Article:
Air access is still a challenge for many entrepreneurs, even though we have regular schedule flights on Brussels airlines 4 times weekly and on Royal Air Maroc daily, and some 50 flights weekly from our tourism source markets. Unfortunately, these tourist flights mainly from England, Holland and Spain are seasonal, and therefore I believe this further provides an opportunity to invest for direct flights to Banjul.
What investment incentives and kinds of business support have been made available for foreign investors in the country?
The Gambia offers an attractive package to FDIs including tax holidays from 5 to 8 years, duty-free on equipment, access to land and affordable labour, 500 hectares of arable land for agriculture. Both The Gambia Chamber of Commerce and Industry, and Gambia Investment Promotion Agency, plus many other ministries and agencies will support investors to achieve their target goals including business registration and permits within 24 hours.
Over the past few years, which external countries have been active in The Gambia? Can you also discuss the kind of economic spheres there are engaged in and possible reasons why?
The traditional investors in The Gambia have been the British, Lebanese and Indians. Increasingly, more Turkish and Chinese companies are showing interest and investing in The Gambia. Many foreign businesses are in the real estate, tourism services and hotels, infrastructure development, renewable energy, fisheries, trading in essential commodities like rice, sugar, oil, building materials etc. Many products are imported from Asia, South America and re-exported or transited to neighbouring countries, making The Gambia the supermarket of southern Senegal, Guinea Conakry, Bissau, Mali and others in ECOWAS.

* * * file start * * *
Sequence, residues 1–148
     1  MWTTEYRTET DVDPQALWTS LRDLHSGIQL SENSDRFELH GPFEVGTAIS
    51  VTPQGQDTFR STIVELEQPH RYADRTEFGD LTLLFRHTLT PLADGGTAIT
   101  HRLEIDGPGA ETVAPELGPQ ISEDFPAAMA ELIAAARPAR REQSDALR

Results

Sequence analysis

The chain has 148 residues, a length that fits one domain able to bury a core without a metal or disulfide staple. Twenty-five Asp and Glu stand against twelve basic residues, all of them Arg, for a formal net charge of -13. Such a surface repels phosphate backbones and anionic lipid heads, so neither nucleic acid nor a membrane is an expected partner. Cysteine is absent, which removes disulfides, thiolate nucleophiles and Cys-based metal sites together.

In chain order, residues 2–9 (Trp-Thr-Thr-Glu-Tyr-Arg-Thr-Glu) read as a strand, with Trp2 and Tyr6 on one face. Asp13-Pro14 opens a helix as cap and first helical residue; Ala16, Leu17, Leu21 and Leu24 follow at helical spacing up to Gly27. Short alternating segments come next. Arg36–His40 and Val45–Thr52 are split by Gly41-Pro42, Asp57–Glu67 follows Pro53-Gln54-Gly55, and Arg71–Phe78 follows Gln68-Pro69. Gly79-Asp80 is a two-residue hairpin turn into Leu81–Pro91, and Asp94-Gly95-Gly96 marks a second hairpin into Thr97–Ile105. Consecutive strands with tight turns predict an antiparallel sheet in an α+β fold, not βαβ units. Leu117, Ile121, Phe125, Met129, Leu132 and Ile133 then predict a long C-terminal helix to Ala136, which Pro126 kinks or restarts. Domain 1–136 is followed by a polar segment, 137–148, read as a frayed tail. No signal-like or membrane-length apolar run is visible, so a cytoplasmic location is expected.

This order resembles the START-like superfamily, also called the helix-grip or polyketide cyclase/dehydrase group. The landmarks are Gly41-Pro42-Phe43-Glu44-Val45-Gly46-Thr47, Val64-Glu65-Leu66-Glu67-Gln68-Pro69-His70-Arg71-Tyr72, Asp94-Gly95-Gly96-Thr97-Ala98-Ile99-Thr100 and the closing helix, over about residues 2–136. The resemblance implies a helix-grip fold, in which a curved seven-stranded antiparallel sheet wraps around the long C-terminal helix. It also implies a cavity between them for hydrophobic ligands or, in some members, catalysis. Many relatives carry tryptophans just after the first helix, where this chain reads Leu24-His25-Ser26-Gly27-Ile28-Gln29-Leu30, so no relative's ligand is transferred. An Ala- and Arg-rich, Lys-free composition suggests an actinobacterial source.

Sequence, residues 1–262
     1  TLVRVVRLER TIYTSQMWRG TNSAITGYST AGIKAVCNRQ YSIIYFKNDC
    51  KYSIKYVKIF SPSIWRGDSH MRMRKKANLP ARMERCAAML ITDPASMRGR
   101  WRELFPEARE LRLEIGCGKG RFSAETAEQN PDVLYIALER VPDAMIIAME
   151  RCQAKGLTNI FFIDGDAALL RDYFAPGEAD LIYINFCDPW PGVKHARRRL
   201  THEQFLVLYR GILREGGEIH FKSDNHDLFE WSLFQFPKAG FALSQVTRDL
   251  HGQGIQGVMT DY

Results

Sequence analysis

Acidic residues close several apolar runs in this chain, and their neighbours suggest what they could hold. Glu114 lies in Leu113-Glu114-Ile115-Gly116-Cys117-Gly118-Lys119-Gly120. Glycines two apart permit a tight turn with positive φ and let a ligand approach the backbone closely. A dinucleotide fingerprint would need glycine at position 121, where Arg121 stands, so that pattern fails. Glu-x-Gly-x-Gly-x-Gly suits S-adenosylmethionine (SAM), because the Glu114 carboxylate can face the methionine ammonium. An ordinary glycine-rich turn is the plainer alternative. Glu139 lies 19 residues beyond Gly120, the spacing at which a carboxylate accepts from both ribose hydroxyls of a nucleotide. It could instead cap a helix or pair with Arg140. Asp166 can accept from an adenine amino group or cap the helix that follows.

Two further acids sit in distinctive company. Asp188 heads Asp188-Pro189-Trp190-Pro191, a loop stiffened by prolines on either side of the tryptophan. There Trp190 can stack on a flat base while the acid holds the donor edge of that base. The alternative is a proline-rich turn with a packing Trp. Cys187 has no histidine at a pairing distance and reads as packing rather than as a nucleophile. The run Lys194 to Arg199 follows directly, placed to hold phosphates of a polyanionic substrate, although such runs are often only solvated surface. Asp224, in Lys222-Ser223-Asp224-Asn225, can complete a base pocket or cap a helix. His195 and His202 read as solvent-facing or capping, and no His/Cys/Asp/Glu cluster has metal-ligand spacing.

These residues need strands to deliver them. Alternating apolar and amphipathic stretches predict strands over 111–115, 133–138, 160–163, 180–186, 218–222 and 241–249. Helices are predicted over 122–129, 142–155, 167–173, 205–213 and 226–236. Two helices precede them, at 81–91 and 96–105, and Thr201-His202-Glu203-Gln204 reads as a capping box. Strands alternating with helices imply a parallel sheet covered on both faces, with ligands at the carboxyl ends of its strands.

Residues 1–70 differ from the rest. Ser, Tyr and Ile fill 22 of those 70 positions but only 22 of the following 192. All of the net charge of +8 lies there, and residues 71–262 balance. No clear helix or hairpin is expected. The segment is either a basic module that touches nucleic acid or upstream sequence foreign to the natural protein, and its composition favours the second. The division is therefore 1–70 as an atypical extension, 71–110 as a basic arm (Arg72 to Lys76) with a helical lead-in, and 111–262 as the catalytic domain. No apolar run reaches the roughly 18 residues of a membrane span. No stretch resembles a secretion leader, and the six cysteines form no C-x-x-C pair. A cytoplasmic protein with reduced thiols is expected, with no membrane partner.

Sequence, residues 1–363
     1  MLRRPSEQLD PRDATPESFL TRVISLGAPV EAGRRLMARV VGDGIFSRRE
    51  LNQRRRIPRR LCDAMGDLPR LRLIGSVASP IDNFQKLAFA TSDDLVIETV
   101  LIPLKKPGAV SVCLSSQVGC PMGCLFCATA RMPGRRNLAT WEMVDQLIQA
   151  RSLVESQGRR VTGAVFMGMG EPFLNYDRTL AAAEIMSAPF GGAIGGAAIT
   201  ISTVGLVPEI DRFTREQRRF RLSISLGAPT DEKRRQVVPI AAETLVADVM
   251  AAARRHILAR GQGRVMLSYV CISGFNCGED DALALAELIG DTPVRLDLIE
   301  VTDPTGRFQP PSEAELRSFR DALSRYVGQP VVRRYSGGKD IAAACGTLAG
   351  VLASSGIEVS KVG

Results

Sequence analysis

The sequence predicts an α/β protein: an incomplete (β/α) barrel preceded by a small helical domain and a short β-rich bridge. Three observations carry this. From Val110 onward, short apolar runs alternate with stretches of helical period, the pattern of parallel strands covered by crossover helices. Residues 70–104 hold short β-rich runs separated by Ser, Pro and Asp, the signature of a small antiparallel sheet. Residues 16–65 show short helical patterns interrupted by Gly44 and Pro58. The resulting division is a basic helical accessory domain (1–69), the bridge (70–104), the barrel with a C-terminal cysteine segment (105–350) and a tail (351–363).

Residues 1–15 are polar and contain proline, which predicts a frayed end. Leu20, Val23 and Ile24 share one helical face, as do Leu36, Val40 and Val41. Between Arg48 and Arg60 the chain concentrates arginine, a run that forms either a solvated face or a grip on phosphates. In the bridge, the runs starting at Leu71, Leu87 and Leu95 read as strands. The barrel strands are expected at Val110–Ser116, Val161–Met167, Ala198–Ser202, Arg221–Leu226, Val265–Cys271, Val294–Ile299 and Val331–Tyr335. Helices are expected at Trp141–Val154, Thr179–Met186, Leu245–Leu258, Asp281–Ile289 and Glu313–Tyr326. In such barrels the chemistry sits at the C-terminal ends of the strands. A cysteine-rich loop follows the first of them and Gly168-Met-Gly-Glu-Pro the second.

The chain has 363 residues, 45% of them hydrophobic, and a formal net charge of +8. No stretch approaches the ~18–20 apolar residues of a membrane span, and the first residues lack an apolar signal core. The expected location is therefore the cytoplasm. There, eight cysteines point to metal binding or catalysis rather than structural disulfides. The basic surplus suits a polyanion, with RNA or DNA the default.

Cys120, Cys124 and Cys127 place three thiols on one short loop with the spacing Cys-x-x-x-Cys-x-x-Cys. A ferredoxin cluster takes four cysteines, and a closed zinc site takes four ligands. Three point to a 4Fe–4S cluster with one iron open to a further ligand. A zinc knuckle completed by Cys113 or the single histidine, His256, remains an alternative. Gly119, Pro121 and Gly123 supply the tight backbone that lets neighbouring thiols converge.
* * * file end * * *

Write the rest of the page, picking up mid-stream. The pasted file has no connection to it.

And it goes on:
Do you see Russians as potential investors and/or partners for business and investment in your country? As the CEO of the Chamber of Commerce and Industry, would you advocate for a broader economic cooperation between Russia and The Gambia?
The Gambia and Russia have recently opened an embassy and consulate respectively, meaning that there is political will to strengthen relations between the two countries. It is now for Russian businesses to come and enjoy the sun, peace and paradise that The Gambia offers in all sectors of the economy as we have seen them invest in Turkey and elsewhere.
There are good reasons why there are so many British tourists flock to The Gambia, and 1 out every 3 return many times. Also, there is a new free economic zone being developed that can yield tremendous returns for processing and imports to the region with a market of more than 300 million, despite our small population of 2million. The Gambia is also presently considering applications in the oil industry.
At Gambia Chamber of Commerce, it is our obligation to support all businesses and where necessary to introduce local partners. We will welcome the strengthening of economic cooperation between Russia and The Gambia, and will work with the embassies to facilitate and receive business leaders so that they can experience the warmth and benefit from our unique location known as the “smiling coast of Africa.” As CEO, I look forward to the first delegation of Russian entrepreneurs, as we had welcomed Russian travel agents and media to The Gambia, when I was Chairman of The Gambia Hotel Association.